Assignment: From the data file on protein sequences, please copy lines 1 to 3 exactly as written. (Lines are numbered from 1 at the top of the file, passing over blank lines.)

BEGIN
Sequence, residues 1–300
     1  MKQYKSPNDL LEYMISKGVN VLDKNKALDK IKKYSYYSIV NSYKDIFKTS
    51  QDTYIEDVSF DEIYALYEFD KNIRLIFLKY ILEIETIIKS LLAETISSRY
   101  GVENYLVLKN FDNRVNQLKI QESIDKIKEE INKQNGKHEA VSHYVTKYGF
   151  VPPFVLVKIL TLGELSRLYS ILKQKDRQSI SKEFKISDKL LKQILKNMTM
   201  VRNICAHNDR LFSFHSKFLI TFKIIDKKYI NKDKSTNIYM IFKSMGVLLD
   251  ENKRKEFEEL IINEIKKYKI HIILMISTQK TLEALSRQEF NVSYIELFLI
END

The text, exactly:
Sequence, residues 1–300
     1  MKQYKSPNDL LEYMISKGVN VLDKNKALDK IKKYSYYSIV NSYKDIFKTS
    51  QDTYIEDVSF DEIYALYEFD KNIRLIFLKY ILEIETIIKS LLAETISSRY